The meeting problems
Most of the companies need meetings, no matter if they’re following Agile or any other methodology. If you’re on the meeting wave you can quickly recognize these issues:
- All your team member’s agendas are flooded with meetings, people struggle to find uninterrupted time slots to do their actual jobs.
- The team is stuck with an ineffective meeting inertia and doesn’t know how to get out of there.
- Meeting participants constantly feel that they would be more productive elsewhere; this is draining the motivation of your team.
There is a lot of available material that you can use to improve your meetings: from books to personal consultancy in form of coaching (e.g. how to improve your Agile ceremonies). This material is the first resource you need: getting to know how to better structure your meetings, organize your agenda, invite the right people, focus on the main topics, etc.
However, nobody is an expert from the beginning. Your company and the meeting organizers need a learning path and make corrections on the way. Moreover, meeting culture is one of the characteristics of a company that is more difficult to change.
You need a way of getting feedback from your team in order to apply the necessary corrections and reach a better meeting culture. And you need some ingredients to make it really valuable:
- You don’t want to waste too much time in getting the feedback, otherwise, you’re even incrementing the inefficiency: the capturing method has to be simple and fast.
- The feedback mechanism shouldn’t encourage negativity; therefore constructive feedback must be leveraged.
- A proper meeting culture cannot be enforced by an individual, it has to come from inside the team: improving the culture is a collaborative task.
- Participants shouldn’t feel the need to be pleasant to the organizer: we need it to be anonymous.
- Nobody should feel audited or stuck with a new boring process: we want it to be informal.
The game as a tool
We (as authors of these cards) have seen in our meeting lives that there are repeated patterns that undermine meeting productivity: there were too many participants, there was no agenda, the meeting went off-topic, etc. In a mature team with good communicators, feedback should flow in a natural way and bad patterns can be fixed quickly. Unfortunately, these teams are not as common as we might imagine.
We grouped the 9 most frequent anti-patterns to improve and made a Meeting Feedback Game out of them: the Agile Meeting Cards. And Agile here should be understood in its wider meaning: flexible, self-assessing, lean, productive.
The game is based on 12 cards, 9 of them are repeatable meeting anti-patterns (improvements suggestions) and the other 3 are “thumbs up” (meaning a positive feedback). Therefore, these are the 12 sentences on the cards:
- The agenda was not clear
- The meeting was not time-boxed
- Not everybody had the chance to participate
- The agenda was not followed – or went off-topic
- Some unnecessary people were invited
- Some required people were not invited
- Not constructive attitude
- Action points are not captured or followed
- Insufficient facilitation or coordination
- Thumbs Up!
- Thumbs Up!
- Thumbs Up!
Each participant of a meeting should provide feedback by drawing 3 cards from their 12-cards deck facing down to the meeting organizer. They can include zero, one, two, or three topics that could be improved for the next meeting. If everything was fine the participant can just pick the three Thumbs Up cards and pass them to the organizer.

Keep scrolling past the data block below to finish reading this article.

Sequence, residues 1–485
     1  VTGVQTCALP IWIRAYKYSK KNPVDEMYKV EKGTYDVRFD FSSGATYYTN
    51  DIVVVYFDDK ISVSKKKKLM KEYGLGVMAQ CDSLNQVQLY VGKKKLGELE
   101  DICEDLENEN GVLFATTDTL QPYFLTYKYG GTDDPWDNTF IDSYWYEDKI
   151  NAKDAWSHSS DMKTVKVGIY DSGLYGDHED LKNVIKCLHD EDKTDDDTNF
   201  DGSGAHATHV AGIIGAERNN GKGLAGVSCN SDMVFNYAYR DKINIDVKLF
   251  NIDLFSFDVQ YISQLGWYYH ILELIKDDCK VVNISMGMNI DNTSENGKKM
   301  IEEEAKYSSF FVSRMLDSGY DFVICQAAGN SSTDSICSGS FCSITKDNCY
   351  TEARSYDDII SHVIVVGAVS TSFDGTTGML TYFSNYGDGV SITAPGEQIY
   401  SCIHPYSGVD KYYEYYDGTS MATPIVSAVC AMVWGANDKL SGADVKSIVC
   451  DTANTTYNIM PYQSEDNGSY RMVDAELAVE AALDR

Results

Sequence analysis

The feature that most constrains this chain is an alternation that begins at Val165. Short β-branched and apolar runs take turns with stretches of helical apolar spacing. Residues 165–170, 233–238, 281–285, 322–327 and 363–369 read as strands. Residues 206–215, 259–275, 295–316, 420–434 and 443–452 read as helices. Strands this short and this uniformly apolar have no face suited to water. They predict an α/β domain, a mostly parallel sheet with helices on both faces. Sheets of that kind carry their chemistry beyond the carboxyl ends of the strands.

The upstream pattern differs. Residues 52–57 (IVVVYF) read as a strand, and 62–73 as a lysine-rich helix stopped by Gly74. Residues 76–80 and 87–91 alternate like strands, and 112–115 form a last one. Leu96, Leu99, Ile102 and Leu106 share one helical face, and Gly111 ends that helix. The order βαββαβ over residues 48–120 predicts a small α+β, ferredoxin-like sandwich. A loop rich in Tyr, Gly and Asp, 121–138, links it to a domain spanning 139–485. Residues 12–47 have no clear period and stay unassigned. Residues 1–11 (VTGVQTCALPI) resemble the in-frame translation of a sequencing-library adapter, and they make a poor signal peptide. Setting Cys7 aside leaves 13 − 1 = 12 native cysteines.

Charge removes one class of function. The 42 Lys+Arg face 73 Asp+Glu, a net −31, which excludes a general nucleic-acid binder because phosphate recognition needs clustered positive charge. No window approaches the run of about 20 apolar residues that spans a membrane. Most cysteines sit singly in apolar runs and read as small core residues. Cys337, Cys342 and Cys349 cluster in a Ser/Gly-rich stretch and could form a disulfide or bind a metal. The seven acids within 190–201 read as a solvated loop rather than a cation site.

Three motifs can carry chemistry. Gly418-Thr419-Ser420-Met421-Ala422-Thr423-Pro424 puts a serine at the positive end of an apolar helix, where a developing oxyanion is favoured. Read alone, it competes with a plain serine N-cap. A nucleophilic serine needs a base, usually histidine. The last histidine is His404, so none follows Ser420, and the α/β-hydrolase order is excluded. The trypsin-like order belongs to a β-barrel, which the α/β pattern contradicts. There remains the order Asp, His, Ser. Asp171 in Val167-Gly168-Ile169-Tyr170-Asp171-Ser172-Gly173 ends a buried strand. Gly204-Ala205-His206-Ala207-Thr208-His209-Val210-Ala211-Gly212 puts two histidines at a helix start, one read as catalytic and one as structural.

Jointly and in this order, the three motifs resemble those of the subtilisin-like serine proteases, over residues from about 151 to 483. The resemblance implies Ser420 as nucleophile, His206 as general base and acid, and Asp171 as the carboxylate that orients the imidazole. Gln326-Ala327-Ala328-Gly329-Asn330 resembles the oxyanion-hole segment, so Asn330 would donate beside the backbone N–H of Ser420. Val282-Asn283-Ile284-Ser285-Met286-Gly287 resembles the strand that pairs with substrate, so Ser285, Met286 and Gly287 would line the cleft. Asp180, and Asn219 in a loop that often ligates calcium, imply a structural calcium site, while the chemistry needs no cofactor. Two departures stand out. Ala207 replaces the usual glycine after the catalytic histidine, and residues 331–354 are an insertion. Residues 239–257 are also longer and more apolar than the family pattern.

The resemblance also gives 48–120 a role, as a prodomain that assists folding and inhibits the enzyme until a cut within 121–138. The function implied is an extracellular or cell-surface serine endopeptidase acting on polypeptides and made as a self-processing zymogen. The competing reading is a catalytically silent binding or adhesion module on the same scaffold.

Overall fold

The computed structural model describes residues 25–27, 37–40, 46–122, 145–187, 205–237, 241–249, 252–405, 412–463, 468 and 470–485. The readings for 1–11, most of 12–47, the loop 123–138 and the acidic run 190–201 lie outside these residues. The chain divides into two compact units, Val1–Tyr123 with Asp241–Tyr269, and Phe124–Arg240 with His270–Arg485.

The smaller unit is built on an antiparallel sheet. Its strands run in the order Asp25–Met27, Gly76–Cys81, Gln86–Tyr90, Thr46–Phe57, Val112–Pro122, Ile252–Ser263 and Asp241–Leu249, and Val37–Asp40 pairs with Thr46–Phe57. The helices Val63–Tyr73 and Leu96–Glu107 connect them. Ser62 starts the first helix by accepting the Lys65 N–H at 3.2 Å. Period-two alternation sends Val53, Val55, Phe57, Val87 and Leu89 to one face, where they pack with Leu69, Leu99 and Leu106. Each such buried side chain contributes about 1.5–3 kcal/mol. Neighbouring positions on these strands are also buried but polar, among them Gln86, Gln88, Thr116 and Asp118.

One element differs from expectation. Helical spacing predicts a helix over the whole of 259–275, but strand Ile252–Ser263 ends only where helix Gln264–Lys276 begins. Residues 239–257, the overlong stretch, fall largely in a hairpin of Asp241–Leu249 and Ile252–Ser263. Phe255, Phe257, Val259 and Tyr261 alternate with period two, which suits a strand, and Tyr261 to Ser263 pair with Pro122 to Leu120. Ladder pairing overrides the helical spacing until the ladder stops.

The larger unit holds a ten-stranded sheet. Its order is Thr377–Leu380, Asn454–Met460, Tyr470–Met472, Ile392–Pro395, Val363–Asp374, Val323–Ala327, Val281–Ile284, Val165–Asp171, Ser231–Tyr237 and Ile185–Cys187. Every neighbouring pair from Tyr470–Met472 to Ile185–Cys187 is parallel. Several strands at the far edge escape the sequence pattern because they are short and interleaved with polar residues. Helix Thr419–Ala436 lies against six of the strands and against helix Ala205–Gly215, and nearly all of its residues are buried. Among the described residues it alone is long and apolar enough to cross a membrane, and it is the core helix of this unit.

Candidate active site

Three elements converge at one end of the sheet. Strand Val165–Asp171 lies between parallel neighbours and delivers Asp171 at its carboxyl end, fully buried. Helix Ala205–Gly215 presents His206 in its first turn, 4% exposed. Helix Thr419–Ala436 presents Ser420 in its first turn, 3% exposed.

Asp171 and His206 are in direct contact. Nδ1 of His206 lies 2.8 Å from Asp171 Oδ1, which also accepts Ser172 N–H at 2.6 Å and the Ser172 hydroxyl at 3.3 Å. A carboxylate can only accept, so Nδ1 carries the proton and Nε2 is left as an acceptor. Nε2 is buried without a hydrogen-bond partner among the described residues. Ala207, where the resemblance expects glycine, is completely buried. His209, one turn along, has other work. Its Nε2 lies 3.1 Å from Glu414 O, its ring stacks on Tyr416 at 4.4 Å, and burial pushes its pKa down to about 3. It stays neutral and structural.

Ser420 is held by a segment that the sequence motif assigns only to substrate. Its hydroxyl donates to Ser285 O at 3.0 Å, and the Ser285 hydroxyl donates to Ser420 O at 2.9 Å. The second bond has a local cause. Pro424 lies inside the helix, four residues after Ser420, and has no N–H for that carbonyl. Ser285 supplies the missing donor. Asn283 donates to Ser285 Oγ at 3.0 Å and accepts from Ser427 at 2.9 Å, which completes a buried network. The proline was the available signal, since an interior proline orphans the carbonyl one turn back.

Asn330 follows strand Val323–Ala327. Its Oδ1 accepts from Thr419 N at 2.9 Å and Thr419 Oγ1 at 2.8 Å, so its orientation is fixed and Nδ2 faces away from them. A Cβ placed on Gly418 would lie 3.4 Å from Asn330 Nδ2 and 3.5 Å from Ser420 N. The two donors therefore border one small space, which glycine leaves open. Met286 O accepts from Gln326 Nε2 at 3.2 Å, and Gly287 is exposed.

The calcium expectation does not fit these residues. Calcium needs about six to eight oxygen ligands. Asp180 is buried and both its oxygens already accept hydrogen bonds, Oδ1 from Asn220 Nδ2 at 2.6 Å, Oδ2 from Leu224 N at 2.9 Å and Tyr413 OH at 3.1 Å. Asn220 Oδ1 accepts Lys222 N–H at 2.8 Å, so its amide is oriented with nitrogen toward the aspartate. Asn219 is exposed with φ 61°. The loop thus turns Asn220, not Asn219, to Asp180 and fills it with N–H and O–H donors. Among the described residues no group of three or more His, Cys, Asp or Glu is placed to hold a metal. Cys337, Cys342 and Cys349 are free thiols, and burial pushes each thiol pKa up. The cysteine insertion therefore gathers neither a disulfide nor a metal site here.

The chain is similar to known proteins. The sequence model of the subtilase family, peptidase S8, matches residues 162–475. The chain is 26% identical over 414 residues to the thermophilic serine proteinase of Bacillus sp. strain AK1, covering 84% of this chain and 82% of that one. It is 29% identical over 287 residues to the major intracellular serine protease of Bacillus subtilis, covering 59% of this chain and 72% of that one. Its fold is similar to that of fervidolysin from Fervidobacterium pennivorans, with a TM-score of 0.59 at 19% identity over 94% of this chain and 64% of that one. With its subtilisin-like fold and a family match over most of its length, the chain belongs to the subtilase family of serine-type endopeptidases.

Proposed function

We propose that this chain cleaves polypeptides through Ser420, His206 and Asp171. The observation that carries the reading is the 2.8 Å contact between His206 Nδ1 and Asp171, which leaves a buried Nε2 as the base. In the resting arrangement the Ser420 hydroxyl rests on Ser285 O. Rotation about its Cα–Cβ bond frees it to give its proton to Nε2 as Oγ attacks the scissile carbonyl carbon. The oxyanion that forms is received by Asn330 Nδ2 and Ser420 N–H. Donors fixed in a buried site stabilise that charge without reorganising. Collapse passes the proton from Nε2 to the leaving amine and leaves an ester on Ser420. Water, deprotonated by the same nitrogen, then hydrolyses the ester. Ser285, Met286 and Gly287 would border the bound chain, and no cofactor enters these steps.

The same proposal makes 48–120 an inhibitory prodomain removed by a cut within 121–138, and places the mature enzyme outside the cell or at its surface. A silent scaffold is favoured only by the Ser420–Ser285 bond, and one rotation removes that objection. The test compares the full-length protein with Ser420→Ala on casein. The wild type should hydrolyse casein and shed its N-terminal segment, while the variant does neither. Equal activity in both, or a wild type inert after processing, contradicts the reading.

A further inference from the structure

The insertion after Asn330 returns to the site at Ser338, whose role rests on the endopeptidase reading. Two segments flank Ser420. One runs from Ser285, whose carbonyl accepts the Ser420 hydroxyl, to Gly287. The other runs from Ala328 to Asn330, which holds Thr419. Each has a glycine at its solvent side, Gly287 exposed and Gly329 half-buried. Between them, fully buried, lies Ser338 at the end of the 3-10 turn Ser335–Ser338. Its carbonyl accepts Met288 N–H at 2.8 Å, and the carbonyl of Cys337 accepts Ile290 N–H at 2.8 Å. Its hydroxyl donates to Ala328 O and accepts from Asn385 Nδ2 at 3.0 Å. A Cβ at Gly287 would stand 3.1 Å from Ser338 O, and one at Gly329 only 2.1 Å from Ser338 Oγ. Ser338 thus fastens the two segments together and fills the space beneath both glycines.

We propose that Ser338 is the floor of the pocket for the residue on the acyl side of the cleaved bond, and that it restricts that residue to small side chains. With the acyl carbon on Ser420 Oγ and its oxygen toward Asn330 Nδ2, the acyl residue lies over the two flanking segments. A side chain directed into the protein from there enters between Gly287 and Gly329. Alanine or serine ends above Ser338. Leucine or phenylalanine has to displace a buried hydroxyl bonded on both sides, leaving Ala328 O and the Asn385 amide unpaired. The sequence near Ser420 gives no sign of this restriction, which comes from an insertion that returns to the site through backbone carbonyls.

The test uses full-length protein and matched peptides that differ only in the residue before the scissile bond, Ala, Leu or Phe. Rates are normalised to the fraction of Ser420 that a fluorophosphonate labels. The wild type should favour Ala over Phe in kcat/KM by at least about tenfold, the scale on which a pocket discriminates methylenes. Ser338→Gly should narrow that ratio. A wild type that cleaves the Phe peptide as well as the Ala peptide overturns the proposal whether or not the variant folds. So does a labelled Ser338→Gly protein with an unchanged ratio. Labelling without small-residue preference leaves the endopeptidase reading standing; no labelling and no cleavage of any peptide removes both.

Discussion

It’s extremely important that the game is correctly explained the first time people will play: not only the instructions should be clear but also the goal, the ultimate idea of improving the meeting quality so everybody (organizers and participants) can benefit from it.
Let’s check how this game meets our criteria for the feedback:
- It’s simple and fast: will take less than one minute.
- It’s anonymous: feedback cards are handed facing down and can’t be traced back to people.
- It’s constructive: you can get positive feedback when everything is fine, and phrasing of patterns to be improved is not blaming a specific individual, but helping everybody to improve.
- It’s collaborative: you can get feedback from the whole group and the group can take action to improve.
- It’s informal: the game format makes people more willing to participate.
Evaluating the result
Collecting the cards and having a look at them shouldn’t be the last step of the game. Remember that the game is a tool to reach a goal: steer with corrections to get to a better meeting culture, which is a win-win situation for both company and employees.
If you have the opportunity the best thing you can do with your feedback is trying to fine-grain it: try to have a chat with participants and get their improvement ideas, better before the next session, but you can also use the beginning of next meeting.
In general, you should pay attention to the result and try to find topics that are repeated or related, so they ease your communication with the participants in order to improve the feedback. Don’t try to extract too many conclusions from the result since sentences can have slight differences in several environments. Just get the idea and use them as a tool to facilitate your communication.
Be aware of some signals from which you can conclude that the game is not working, and that can be based on deeper issues you need to fix first. For instance, you could get too many “Some unnecessary people were invited“, almost from the entire group. If you really think the meeting is needed that could be a sign of meeting apathy or alienation and in that case, you should use other tools and have more communication with the group to get the root causes and steer from there.
Getting a deck
If you want to participate in this initiative and pre-order a deck, let us know by using our contact form on this site.